Best of BBtv in 2008: Xeni Flies in Zero Gravity

(Flash embed above, here's a downloadable MP4 link)

Continuing in our retrospective of favorite Boing Boing tv episodes from 2008, we return to zero gravity today.

With me on the Zero-G weightless flight featured in this episode are Intel Chairman Craig Barrett; my friend Sean Bonner from metblogs; and a bunch of science teachers from grade schools and high schools throughout the United States who were on board to conduct microgravity experiments for the kids back home.

As you watch, keep an eye out for the floating lego robot, a flying pig, and the barfing guy who is totally barfing for reals -- the rest of us did not, btw, I don't get sick in space.

What you see in this episode is what it really feels like, and it feels awesome.

(Special thanks to Peter Diamandis, and George and Loretta Whitesides)


  1. Xeni-did that make you sick? I always had the impression it’d be like going over a really steep hill and “losing my stomach”, like in a car…but times a million.

  2. you must have had flying dreams before going. I’ve always assumed we get the proprioceptic neural memory sense for “flying” from floating in water.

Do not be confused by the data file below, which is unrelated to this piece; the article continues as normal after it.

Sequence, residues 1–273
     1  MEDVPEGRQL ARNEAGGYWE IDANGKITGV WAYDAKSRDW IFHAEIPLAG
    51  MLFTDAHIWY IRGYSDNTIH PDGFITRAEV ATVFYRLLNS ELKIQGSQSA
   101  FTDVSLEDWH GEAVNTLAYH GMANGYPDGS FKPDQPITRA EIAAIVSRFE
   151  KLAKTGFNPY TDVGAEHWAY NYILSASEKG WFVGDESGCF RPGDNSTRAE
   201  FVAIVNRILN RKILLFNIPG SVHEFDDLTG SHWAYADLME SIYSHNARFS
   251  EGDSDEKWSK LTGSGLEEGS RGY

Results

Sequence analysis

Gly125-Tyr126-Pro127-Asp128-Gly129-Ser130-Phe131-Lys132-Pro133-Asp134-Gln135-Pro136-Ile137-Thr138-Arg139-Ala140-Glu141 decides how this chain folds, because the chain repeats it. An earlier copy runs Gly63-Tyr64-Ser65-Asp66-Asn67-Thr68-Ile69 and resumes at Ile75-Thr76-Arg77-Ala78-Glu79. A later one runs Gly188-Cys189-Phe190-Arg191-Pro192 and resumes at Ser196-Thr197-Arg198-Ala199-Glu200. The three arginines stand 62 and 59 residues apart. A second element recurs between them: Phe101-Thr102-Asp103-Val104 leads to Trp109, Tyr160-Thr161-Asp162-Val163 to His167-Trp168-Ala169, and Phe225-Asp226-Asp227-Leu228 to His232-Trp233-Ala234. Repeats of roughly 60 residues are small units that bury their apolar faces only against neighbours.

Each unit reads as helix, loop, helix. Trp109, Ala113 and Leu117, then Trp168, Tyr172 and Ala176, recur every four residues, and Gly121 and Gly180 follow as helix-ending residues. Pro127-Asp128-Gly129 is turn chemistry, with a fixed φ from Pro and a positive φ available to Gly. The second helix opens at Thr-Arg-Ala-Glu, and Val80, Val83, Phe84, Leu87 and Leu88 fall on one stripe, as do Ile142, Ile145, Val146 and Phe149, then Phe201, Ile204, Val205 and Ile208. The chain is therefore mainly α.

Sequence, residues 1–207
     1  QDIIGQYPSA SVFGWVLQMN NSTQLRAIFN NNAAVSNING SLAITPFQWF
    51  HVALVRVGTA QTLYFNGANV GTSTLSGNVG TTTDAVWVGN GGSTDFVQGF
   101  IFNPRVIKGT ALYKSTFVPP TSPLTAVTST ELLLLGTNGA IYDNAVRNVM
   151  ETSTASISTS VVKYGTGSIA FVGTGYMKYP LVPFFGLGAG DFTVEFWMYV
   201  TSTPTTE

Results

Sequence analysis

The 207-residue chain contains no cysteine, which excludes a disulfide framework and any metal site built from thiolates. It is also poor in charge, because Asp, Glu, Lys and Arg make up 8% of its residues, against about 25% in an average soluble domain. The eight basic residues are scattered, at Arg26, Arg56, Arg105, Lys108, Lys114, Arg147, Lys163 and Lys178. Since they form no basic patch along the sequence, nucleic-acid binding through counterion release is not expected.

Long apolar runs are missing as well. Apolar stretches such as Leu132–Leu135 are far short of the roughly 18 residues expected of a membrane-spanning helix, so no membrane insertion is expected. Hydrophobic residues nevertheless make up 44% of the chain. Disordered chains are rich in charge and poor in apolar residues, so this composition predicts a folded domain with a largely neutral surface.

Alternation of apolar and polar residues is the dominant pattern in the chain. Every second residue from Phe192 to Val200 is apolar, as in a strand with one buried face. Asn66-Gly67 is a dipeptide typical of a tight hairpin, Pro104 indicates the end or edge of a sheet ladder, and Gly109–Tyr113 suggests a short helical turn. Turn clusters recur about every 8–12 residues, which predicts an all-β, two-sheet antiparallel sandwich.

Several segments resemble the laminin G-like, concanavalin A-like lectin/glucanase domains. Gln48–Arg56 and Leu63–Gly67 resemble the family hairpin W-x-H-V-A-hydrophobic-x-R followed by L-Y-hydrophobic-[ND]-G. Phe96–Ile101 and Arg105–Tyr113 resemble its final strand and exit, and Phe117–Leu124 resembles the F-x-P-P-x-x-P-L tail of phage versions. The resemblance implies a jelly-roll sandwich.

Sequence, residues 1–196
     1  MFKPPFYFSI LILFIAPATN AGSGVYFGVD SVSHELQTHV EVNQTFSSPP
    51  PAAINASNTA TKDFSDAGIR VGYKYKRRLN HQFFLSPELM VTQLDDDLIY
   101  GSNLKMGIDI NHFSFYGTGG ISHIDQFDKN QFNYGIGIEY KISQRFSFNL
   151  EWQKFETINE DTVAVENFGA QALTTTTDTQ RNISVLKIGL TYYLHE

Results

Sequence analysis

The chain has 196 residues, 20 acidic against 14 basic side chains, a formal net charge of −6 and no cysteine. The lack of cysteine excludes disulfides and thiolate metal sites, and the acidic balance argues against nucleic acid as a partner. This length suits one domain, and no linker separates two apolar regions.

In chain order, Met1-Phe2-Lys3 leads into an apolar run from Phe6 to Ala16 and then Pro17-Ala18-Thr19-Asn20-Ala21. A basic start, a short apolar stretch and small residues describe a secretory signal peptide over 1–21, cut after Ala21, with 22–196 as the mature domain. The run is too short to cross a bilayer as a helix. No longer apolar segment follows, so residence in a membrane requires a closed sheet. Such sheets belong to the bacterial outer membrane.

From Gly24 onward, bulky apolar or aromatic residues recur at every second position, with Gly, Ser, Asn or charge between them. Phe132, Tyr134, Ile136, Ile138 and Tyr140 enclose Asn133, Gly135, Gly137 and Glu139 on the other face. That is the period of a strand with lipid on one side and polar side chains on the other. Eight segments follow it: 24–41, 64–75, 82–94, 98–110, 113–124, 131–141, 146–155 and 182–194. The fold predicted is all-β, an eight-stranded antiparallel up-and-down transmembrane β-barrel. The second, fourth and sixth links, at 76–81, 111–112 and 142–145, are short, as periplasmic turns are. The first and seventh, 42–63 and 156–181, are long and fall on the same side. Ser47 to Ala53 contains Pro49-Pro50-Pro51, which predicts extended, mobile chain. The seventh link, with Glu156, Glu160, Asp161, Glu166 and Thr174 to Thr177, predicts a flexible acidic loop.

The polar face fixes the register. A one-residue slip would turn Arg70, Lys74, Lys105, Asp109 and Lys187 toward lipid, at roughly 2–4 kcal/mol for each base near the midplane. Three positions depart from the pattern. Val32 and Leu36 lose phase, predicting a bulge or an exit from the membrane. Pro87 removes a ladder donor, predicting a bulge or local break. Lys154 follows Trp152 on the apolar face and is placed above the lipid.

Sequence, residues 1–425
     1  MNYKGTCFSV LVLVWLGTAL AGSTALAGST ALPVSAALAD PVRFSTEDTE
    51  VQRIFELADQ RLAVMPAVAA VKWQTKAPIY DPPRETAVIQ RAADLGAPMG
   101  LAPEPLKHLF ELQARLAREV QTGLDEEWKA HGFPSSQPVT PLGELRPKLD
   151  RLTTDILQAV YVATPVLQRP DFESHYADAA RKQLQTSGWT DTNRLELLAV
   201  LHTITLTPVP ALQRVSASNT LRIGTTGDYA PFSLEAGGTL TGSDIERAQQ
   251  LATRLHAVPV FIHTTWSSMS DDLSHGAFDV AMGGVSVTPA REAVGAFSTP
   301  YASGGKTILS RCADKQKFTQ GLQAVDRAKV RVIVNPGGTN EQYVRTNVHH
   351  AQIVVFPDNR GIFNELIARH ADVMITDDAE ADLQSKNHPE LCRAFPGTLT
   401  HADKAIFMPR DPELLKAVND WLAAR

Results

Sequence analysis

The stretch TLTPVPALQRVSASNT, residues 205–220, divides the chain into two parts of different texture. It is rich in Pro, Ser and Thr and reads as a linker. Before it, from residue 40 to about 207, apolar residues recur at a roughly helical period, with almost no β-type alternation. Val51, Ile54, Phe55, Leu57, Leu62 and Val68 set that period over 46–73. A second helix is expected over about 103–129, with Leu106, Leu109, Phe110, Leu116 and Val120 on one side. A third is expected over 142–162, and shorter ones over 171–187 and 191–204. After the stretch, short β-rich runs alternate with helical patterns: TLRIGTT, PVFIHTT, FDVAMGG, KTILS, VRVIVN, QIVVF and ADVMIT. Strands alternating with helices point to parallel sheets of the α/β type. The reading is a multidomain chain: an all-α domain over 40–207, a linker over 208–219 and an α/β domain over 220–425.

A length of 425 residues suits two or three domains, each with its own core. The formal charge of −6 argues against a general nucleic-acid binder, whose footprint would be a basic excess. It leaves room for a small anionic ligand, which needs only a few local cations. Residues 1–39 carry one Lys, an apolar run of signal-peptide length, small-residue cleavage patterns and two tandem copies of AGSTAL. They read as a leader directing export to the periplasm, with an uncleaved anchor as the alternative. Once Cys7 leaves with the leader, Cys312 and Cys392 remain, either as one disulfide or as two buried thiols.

Now, with “real”, “flying” sense memory, have you dreams changed in quality?

  3. @JDAVID, it’s a little like that. The astronauts and former space station captains and stuff who were on the flights I’ve taken gave me (and others) advice on how to avoid the sickness, which is basically your inner ear and brain freaking out over conflicting data input. The biological story is basically your primordial, ancestral lizard-brain going, “WHOAH, everything’s moving in ways it shouldn’t be, i must have eaten a bad mushroom, I better barf it up fast!”

    The trick to avoid the physical sickness is to reduce the confusing input *during the heavy gravity parts*. It’s not the zero g that makes you sick, its’ what happens during the heavy-g pullups.

    And you do that by sitting still, or lying on your back staring at the roof of the plane, not moving your head or your eyes at all.

    @Takuan, I sure did have some wild dreams, before and after. Particularly the first time. It was a life-changing experience. But it was not unfamiliar. If you’ve dreamed of flying, you know what it feels like to float in zero gravity. That to me was the most amazing thing — the fact that it did not feel foreign, but that I was the first in my biological lineage to ever have experienced this physical sensation in real life.

    That totally blew my mind.

  4. @Xeni-
    Thanks for the info. I’ve long been afraid of flying, but am considering skydiving as of late.

    Yeah. I’ll puke. But I’ll take your advice and give the focus thing a shot.

  5. Xeni and BoingBoing crew,

    Thanks so much for this. I just watched it with my nieces and nephew. Now they are walking around saying: “Science rocks”.


  6. …Xeni.The only person ever to experience Zero-G besides Storey Musgrave and not have her hair get out of place :-) :-)

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